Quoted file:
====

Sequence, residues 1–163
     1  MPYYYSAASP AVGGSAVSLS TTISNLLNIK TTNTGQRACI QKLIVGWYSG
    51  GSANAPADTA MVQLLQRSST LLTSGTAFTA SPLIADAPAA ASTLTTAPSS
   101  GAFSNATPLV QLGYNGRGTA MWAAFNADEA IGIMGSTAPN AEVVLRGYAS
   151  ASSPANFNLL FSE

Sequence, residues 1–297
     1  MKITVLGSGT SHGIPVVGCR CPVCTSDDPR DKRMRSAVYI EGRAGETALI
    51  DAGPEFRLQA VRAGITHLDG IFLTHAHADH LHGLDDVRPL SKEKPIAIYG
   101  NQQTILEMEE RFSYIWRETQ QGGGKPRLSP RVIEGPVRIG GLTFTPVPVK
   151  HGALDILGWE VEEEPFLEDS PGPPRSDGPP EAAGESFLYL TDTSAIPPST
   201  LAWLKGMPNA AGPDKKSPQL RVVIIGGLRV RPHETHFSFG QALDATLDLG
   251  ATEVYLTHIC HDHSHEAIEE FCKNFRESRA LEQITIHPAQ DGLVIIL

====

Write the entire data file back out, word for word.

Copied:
Sequence, residues 1–163
     1  MPYYYSAASP AVGGSAVSLS TTISNLLNIK TTNTGQRACI QKLIVGWYSG
    51  GSANAPADTA MVQLLQRSST LLTSGTAFTA SPLIADAPAA ASTLTTAPSS
   101  GAFSNATPLV QLGYNGRGTA MWAAFNADEA IGIMGSTAPN AEVVLRGYAS
   151  ASSPANFNLL FSE

Sequence, residues 1–297
     1  MKITVLGSGT SHGIPVVGCR CPVCTSDDPR DKRMRSAVYI EGRAGETALI
    51  DAGPEFRLQA VRAGITHLDG IFLTHAHADH LHGLDDVRPL SKEKPIAIYG
   101  NQQTILEMEE RFSYIWRETQ QGGGKPRLSP RVIEGPVRIG GLTFTPVPVK
   151  HGALDILGWE VEEEPFLEDS PGPPRSDGPP EAAGESFLYL TDTSAIPPST
   201  LAWLKGMPNA AGPDKKSPQL RVVIIGGLRV RPHETHFSFG QALDATLDLG
   251  ATEVYLTHIC HDHSHEAIEE FCKNFRESRA LEQITIHPAQ DGLVIIL